“I planned to study, prepare myself and then have my child. But sometimes we are irresponsible. And also, the lack of communication, of orientation. It makes us make bad decisions. Here is the small sample of that,” says Angie pointing with her eyes towards small Ezequiel. She is living alone with her son and her mom. Her aunt and mom sometimes help her with the baby. “Being a mother and studying at the same time is very difficult for me. The most difficult thing is suddenly to think that I am denying my son the time that he deserves. And that I am neglecting my duty to study. I feel like I don’t have enough time to fulfil the two tasks as I would like”. But becoming mother has also been an important lesson for the 21yearold: “My son has also become a goal of my life. Since I have Ezequiel, I am more organized both with the money and everything. Today I must wash her clothes, today I must… every task has a day, it has a time, and it has an hour. Because I don’t have the time to waste it anymore. Now I must be more focused on what I must do. I have practically everything with schedules because in reality I don’t have time”. Our talk ends with Ezequiel crying as if he also participates underlining that point from his mother.
According to UNESCO, globally 29.3% of researchers are women.
Yency Cardozo Vazquez is physiotherapist and part of the health team of the university. ”The region has a very complex story with paramilitarism, with the armed conflict in Colombia. There is an attempt to rebuild from the peace process and new ways of living and inhabiting the territory. We have five different indigenous peoples in the area. According to our surveys some 75% have a great amount of vulnerability! It may be low income they are not guaranteed basic services such as drinking water. We have a population of single mother families, doing on informal work in the region – that does not allow them constant income – which could transform their daily lives and their social mobility. So, these students who arrive are, for the most part, the first members of the family to enter higher education”.
The first challenge is the multiplicity of roles – mothers-students-partners – and some caregivers of older adults. Their workday is doubled or tripled. Some tasks – as is installed in the feminine, housework, childcare, generally take place in a private space – are raised in the feminine. That is a challenge for those women. Those are women with a lot of courage, to be able to transform their realities. Being some of the first of their families to go to a public university, either with those who belong to an indigenous or ethnic group, or who are Afro-Colombians. That is also a challenge to be able to transform within your Genealogy of your family, new ways of living, new challenges, to enter the university, to be able to graduate. Because it can also be a scenario that motherhood is a burden. They are very brave because the situation is difficult – but if I build and share what I learned from everyday life, then motherhood can also get a not meaning within the academy as an achievement and not something that people have to endure, but something that builds them that enriches them a lot,” says Yency.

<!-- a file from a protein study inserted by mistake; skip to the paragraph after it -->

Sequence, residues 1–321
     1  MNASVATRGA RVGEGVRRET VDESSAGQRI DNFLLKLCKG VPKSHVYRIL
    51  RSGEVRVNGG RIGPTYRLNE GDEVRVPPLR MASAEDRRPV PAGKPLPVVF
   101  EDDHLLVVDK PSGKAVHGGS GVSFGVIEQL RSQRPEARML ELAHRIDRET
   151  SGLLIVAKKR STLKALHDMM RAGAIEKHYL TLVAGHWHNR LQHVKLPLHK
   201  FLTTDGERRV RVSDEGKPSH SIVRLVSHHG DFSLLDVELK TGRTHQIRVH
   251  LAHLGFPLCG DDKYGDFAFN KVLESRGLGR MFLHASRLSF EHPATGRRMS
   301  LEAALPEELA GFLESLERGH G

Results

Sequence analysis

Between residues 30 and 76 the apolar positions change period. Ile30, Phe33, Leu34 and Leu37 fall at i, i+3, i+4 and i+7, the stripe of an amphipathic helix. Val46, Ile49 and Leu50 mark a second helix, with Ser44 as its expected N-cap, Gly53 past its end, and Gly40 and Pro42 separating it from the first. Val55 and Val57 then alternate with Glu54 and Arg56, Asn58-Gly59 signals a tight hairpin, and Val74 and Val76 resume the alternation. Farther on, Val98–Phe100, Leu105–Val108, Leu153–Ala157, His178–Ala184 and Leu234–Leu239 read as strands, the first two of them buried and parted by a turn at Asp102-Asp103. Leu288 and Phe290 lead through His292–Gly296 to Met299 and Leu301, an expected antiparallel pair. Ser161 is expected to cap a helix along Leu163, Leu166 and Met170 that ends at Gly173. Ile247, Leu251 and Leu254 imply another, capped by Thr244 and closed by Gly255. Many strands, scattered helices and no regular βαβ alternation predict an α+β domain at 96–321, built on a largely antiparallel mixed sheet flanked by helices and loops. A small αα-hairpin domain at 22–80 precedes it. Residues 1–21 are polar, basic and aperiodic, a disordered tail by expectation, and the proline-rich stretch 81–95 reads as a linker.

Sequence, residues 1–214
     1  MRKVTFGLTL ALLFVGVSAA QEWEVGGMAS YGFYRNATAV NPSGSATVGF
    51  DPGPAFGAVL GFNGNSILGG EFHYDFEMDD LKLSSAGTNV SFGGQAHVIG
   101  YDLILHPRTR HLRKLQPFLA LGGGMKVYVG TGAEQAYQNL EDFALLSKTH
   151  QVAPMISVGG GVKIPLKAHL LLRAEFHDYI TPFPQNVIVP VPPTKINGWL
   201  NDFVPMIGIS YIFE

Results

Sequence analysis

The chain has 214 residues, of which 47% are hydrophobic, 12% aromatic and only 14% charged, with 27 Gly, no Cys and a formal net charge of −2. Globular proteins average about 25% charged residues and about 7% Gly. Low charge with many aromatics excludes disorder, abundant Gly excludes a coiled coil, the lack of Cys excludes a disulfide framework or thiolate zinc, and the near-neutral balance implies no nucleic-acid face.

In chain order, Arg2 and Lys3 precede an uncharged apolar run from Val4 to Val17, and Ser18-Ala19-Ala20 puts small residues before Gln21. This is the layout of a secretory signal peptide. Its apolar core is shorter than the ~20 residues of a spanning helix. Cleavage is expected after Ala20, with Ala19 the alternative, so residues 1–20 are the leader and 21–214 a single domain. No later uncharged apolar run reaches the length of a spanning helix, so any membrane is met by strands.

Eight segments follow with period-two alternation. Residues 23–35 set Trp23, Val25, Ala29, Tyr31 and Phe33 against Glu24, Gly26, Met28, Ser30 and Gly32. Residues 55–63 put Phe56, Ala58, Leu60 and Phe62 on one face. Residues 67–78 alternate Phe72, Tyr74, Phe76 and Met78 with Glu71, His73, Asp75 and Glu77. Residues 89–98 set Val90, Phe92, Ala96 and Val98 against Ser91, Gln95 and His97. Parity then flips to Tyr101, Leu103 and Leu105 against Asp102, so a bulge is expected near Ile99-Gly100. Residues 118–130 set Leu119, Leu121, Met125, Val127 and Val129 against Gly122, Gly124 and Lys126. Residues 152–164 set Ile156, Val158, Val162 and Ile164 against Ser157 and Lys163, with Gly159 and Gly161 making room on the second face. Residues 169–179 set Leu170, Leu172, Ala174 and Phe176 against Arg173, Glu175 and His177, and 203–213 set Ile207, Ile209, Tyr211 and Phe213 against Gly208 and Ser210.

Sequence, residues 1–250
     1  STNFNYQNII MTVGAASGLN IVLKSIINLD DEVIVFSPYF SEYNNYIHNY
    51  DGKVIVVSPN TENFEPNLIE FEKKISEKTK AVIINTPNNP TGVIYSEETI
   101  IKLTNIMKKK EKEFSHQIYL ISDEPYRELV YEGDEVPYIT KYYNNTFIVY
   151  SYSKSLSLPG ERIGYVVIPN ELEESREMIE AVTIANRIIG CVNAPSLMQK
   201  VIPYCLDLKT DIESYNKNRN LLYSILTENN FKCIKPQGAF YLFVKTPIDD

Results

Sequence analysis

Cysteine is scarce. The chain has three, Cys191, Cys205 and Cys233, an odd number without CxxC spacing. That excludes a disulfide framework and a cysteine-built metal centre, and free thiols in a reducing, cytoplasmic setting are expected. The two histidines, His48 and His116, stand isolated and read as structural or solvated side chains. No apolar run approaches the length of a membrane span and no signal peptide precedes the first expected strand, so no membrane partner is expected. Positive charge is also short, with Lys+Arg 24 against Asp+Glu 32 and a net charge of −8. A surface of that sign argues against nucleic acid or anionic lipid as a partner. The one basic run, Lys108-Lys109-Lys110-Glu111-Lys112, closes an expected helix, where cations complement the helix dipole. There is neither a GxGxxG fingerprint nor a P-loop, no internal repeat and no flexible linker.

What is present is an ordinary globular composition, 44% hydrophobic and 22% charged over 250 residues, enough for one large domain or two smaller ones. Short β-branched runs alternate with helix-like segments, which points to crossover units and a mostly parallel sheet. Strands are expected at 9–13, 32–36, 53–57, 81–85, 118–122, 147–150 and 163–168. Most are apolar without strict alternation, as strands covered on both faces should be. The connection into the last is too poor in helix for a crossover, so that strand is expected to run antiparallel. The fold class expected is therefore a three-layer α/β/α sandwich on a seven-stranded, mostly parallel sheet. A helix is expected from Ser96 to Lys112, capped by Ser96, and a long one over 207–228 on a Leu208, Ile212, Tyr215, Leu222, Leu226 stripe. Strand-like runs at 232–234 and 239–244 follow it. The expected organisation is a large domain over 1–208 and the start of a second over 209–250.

The recent University Camp in La Paz has a beautiful view of two mountain ranges. There live five different indigenous peoples, who often have lived isolated from the rest of society and in various senses far from the academic world of the University. Claudia Patricia Vallejo, 26, is one of those women who is changing that picture. She belongs to the Arhuaco people, her home community is Jewrwa, some 5 hours’ drive from here. She recalls when she got pregnant as a 20 yearold and the challenges coming with that in her indigenous community.“As an indigenous person, when we find a partner or get pregnant, the family leaves everything for us to take over. Then – at that time – there were not really study opportunities. I mean, I continued with the dream that one day I would continue studying. I wanted to. But – this opportunity did not present itself. I could go to Bogota – but if I did not have any type of support – what were my son and I supposed to live from?”
At the time she had finished high school and wanted to study Maths. But five years passed as Claudia and her partner were occupied taking working and care of their child. During that time, they never even read a book or repeated something from their studies, Claudia tells. “I always had the dream to continue studying. I always said, the day will come when I will be able to continue”. Then one night, around 7 her phone rang. The following day, first thing in the morning, a teacher would be in the city Valledupar in charge of giving Pins to the indigenous people – so that they could then present the entrance exam to the university. Claudia had no money, but she borrowed to be able to travel to Valledupar. Next day, at 3 in the morning she left with her partner on a motorcycle. It’s a 5 hours’ drive. And they managed to get there early and get the pin.